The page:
Can IT health-care applications improve the medication tray-filling process at hospital wards? An exploratory study using eye-tracking and stress response

Natalia Diaz Rodriguez, Johan Lilius, Riitta Danielsson-Ojala, Hanna Pirinen, Lotta Kauhanen, Sanna Salanterä, Sebu Björklund, Joachim Majors, Kimmo Rautanen, Tapio Salakoski, Ilona Tuominen

Research output: Chapter in Book/Conference proceedingConference contributionScientificpeer-review

2 Citations (Scopus)

Abstract

Filling medication trays and dispensing them at hospital wards is a painstaking, time-consuming and tedious task involving searching for medication in large shelves, double checking in the daily filled tray that the appearance, amount and concentration of each medication corresponds to the prescription, as well as analysing the timing conditions, among other details. Finally, if needed, finding equivalent compounds containing no secondary effects is also crucial, as well as being aware of the dynamically changing treatments in patients located, e.g., in surgery wards. Once the tray is filled, similar concerns and checks need to be done before dispensing the medication to the patient. We conducted a pilot in two university hospital wards using eye-tracking glasses and stress response to assess the tasks that take time the most and are most meticulous or stressing for the nurses. The aim is to use the findings to implement a mobile application that helps saving time and proneness to errors daily in such complex nursing procedures. Index Terms—eye-tracking, stress, filling medication tray, hospital, dispensing, nurse, eHealth Filling medication trays and dispensing them at hospital wards is a painstaking, time-consuming and tedious task involving searching for medication in large shelves, double checking in the daily filled tray that the appearance, amount and concentration of each medication corresponds to the prescription, as well as analysing the timing conditions, among other details. Finally, if needed, finding equivalent compounds containing no secondary effects is also crucial, as well as being aware of the dynamically changing treatments in patients located, e.g., in surgery wards. Once the tray is filled, similar concerns and checks need to be done before dispensing the medication to the patient. We conducted a pilot in two university hospital wards using eye-tracking glasses and stress response to assess the tasks that take time the most and are most meticulous or stressing for the nurses. The aim is to use the findings to implement a mobile application that helps saving time and proneness to errors daily in such complex nursing procedures. Index Terms—eye-tracking, stress, filling medication tray, hospital, dispensing, nurse, eHealth.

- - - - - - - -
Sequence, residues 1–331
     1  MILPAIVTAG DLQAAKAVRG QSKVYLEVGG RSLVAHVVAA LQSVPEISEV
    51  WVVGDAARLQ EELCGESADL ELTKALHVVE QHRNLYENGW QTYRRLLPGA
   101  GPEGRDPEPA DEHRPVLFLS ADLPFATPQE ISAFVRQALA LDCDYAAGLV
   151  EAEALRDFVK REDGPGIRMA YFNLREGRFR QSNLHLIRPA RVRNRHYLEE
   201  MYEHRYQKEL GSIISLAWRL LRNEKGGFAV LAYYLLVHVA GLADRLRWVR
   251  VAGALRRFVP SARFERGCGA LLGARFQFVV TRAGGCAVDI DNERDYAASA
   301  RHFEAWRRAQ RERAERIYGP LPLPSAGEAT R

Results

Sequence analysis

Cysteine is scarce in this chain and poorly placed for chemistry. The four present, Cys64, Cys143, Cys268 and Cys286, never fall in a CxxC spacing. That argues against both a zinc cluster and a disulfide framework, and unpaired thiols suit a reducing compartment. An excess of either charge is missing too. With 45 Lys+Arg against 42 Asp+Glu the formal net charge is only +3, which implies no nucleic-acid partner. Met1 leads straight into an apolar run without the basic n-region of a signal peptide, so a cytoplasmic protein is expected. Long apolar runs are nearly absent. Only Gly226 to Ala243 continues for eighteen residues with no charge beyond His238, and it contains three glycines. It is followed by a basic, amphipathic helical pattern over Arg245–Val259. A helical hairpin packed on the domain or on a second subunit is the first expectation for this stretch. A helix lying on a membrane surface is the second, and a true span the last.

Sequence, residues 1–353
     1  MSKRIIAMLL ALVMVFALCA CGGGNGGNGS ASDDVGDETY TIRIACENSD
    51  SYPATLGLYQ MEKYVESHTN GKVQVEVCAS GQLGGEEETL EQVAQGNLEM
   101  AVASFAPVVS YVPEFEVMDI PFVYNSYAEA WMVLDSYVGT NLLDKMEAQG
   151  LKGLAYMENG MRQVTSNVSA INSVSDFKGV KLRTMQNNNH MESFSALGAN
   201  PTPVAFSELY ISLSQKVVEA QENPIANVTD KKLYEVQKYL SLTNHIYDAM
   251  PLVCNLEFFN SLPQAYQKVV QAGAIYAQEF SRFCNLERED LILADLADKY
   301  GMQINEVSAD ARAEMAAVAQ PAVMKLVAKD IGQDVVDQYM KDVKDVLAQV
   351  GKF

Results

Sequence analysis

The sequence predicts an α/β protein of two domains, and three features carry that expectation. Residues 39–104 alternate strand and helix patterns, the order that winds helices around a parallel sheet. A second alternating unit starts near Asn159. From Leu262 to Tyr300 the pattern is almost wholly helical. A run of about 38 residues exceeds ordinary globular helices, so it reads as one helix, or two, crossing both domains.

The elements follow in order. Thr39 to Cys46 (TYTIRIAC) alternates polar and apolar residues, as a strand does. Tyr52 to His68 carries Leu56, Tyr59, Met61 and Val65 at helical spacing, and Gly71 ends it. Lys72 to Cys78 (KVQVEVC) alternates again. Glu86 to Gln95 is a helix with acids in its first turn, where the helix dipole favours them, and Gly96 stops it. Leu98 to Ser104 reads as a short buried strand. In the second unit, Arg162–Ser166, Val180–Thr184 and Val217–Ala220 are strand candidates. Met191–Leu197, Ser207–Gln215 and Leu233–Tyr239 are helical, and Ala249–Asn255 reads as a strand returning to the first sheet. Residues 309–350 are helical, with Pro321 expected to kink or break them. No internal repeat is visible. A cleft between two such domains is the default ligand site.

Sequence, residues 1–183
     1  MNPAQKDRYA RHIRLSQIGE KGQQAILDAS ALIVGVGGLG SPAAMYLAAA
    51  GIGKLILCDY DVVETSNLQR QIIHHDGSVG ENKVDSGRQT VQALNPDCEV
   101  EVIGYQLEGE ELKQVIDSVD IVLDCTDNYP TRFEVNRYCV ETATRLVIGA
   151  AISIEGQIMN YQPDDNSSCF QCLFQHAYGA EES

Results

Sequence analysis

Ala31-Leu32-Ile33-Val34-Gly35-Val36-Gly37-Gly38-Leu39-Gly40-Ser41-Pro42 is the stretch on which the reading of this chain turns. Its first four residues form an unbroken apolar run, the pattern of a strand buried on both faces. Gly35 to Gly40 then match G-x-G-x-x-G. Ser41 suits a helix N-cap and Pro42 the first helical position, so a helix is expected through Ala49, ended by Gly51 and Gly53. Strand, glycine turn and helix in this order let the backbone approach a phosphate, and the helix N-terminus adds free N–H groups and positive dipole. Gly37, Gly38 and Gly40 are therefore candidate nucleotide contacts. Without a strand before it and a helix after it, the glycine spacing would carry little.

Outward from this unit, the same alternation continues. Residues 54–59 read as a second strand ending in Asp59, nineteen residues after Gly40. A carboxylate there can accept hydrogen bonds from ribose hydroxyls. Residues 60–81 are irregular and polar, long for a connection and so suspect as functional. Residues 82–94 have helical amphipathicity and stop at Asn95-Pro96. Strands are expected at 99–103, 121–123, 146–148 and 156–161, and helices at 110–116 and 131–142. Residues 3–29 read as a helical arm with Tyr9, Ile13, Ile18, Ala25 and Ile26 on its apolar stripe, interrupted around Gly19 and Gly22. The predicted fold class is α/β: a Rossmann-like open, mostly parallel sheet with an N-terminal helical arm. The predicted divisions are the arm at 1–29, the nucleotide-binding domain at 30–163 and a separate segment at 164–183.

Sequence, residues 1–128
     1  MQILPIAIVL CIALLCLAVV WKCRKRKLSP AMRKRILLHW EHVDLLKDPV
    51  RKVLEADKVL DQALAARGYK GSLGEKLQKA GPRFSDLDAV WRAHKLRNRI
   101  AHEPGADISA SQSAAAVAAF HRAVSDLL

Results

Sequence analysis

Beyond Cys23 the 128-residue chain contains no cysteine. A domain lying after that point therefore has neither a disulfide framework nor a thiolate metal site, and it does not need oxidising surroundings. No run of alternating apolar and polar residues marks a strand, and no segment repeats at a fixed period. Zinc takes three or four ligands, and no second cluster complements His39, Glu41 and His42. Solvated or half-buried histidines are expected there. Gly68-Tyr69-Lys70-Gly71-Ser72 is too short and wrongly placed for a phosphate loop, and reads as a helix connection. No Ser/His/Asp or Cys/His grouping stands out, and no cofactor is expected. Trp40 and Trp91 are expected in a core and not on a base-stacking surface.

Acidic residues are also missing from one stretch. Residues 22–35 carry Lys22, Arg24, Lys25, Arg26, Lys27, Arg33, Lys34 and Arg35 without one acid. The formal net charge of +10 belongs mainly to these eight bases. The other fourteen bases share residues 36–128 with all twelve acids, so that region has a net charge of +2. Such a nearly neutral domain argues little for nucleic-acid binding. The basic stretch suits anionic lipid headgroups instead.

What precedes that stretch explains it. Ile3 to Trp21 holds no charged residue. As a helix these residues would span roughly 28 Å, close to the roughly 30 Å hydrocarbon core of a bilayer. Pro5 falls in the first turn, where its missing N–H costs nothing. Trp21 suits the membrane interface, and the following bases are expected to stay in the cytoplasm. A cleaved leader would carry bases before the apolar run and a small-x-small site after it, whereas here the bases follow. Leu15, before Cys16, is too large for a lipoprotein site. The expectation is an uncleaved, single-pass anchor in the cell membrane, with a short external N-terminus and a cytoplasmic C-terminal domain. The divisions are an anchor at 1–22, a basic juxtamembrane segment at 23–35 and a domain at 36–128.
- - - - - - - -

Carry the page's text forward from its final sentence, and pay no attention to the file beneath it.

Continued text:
Original languageUndefined/Unknown
Title of host publication16th International Conference on E-health Networking, Application & Services (Healthcom)
Editors Neto, Augusto Venâncio, Neuman de Souza, José
PublisherIEEE Computer Society Institute of Electrical and Electronic Engineers
Pages423–428
ISBN (Print)978-1-4799-6644-8
Publication statusPublished - 2014
MoE publication typeA4 Article in a conference publication
Eventconference; 2014-10-15; 2014-10-18 - Natal, Brazil
Duration: 15 Oct 201418 Oct 2014

Conference

Conferenceconference; 2014-10-15; 2014-10-18
Period15/10/1418/10/14

Keywords

  • Eye tracking
  • Stress responses
  • medication administration

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